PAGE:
Greg Young started an interesting discussion about Unit Testing BizTalk solutions; some good things to consider are brought on. In general, I agree with Greg that testing BizTalk solutions isn't always easy, in particular because of dependencies and because of the level at which BizTalk solutions are created (it is certainly a higher abstraction level than regular C# code, for example). That, and the fact that the BizTalk engines are fairly complex constructs, make it harder to test pieces of your solution in isolation, though it is by no means impossible.

One point I wanted to take back from the discussion is Greg's comment that testing Schemas isn't much of a problem and you're probably going to get those on integration testing. That is true if you're dealing with simple schemas, but if you're creating complex Flat File schemas and doing things like debatching and a few of the other advanced things that BizTalk schemas support, then being able to test your schemas in isolation in a repeatable, automated fashion is a real blessing. Whether you want to call this unit testing or not is open for debate, I'm sure, but it is a good thing none the less.

At a higher level, Greg does bring a pretty significant question about whether it is possible to do Agile development when using BizTalk. I'd sat it is certainly harder than in other disciplines and with other tools, but not necessarily because of the tool itself. One of the real issues here is the fact that Application Integration (particularly on big projects) requires a somewhat larger investent in Architecture up-front, because of the complexity of the issues involved and sometimes because integration projects are composed of three or more providers (i.e. different companies) collaborating with the customer to implement the required solution. This does require that you have a more significant shared understanding of the problem at hand up-front and that some key issues are covered right from the start.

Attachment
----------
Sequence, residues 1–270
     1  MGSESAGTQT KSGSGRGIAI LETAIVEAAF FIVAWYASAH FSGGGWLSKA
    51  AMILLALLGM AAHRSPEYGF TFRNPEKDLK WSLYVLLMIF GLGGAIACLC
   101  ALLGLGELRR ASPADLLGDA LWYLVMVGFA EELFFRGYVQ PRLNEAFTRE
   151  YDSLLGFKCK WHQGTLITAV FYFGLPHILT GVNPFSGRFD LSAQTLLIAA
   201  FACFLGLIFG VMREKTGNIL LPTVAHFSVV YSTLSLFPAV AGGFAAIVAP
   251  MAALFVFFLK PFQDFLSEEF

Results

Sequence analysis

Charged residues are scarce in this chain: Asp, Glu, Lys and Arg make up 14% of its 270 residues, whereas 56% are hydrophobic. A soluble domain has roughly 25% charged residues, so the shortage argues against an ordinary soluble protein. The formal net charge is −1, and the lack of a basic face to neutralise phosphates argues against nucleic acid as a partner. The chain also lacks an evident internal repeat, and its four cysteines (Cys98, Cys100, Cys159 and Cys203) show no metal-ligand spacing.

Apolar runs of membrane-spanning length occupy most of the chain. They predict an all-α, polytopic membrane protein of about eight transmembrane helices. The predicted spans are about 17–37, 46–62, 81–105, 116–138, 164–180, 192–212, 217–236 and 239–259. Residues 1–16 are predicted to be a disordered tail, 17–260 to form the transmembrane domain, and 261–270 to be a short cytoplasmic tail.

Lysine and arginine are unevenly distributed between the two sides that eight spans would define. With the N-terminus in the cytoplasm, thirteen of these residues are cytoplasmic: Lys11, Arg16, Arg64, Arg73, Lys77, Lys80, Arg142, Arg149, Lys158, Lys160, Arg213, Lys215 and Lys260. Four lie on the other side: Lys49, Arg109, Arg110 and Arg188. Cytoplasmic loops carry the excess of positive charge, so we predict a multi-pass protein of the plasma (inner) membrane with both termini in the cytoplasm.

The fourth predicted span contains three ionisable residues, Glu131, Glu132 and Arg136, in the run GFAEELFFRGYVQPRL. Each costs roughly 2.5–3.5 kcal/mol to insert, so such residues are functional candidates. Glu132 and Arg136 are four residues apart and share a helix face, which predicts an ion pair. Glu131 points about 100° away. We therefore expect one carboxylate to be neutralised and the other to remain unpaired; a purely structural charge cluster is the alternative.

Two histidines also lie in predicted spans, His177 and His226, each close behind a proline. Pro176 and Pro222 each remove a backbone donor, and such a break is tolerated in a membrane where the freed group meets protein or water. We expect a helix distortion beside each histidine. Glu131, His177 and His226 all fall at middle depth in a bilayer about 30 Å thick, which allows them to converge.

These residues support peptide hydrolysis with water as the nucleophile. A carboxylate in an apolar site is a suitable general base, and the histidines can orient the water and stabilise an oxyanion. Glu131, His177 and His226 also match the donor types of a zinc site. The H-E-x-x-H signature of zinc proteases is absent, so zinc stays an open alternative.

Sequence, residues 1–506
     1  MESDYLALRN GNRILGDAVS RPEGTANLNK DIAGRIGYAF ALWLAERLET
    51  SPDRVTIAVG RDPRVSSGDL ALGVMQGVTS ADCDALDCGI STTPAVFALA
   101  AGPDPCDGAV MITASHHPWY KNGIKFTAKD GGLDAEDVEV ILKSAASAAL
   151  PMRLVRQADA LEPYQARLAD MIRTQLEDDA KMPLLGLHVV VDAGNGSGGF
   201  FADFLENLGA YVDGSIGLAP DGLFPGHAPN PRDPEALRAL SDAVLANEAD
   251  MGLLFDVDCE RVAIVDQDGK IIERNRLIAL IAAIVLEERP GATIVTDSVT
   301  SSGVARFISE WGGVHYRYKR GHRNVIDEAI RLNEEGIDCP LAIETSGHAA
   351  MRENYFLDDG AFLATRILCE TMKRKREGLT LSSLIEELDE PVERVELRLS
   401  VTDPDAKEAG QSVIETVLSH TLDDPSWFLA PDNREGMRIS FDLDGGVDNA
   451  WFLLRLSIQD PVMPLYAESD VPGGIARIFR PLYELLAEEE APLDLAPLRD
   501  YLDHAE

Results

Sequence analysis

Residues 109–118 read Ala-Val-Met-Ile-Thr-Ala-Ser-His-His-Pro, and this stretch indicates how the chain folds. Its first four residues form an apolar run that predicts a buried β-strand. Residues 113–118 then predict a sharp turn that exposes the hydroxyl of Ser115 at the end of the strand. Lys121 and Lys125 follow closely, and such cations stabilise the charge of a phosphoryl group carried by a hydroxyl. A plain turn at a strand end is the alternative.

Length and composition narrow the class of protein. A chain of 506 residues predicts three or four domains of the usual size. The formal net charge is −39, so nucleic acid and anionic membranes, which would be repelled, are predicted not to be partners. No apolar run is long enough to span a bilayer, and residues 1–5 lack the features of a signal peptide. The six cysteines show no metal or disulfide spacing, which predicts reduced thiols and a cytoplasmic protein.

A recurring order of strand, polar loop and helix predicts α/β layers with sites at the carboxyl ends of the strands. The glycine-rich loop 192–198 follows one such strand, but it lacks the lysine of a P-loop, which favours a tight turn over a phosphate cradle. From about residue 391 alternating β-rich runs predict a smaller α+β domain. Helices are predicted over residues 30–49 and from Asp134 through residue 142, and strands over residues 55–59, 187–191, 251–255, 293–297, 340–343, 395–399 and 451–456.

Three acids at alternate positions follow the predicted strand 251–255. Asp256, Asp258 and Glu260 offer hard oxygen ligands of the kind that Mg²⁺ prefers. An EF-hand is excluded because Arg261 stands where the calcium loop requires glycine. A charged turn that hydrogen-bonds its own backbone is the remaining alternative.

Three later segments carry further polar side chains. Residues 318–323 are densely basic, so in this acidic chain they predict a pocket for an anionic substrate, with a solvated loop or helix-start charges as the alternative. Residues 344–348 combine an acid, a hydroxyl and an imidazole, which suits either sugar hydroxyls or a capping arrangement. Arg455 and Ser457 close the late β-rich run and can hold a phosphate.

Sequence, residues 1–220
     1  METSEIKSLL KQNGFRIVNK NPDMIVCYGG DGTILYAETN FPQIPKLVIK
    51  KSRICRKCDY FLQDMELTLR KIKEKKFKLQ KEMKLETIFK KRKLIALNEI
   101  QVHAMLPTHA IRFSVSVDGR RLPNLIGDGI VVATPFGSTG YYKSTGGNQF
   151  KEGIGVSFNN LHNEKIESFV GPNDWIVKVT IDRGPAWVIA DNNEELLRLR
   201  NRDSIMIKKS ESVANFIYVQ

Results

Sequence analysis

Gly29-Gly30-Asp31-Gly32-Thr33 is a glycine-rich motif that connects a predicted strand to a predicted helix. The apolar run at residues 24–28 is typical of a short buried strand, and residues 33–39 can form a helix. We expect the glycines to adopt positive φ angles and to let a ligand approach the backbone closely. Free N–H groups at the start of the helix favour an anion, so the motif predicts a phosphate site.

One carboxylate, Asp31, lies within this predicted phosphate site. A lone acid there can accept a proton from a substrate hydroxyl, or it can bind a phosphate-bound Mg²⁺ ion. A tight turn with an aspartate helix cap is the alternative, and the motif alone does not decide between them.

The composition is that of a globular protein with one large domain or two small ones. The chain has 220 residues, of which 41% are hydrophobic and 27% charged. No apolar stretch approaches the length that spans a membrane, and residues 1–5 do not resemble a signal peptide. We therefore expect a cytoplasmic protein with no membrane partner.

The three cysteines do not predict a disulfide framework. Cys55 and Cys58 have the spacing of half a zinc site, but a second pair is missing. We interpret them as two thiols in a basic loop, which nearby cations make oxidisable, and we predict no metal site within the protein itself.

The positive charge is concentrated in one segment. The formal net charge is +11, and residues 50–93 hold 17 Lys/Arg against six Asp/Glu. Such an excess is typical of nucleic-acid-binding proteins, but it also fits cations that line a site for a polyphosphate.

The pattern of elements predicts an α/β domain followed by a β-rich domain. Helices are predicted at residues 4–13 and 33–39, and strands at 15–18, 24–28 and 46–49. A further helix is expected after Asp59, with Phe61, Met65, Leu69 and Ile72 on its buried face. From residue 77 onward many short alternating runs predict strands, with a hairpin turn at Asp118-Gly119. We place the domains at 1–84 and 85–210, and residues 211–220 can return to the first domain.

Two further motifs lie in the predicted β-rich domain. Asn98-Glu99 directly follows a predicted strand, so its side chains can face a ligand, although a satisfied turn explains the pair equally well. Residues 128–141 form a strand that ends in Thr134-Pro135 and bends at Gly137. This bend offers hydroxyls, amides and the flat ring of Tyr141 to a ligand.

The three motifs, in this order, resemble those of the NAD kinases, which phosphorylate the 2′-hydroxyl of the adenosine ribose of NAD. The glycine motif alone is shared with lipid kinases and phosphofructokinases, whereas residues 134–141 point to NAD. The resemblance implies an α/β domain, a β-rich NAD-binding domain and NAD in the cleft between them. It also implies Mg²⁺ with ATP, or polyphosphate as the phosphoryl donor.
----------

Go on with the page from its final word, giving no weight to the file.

Notice I'm not advocating a waterfall model, I'm just saying that some serious understanding needs to be done at the start to ensure everyone is working towards the same goal. There are many ways you can this done, without bringing the whole project to a stop while the entire requirement analysis is done. For example, this initial phase is a great time to prototype  parts of the solution, create initial versions of shared schemas, and explore potential solutions to some of the issues the project has.

On some of the integration projects I've worked on doing this has been a key to the success of the project, even allowing us to work after that in a far more agile fashion while minimizing dependencies and even allowing us to complete the BizTalk part of the solution well in advanced to other parts of the whole integration project.

I'm looking forward to exploring if some of the Agile Architecture ideas can be used to make this initial part of the project more dynamic, as well.



Tomas Restrepo

Software developer located in Colombia. Sr. PFE at Microsoft.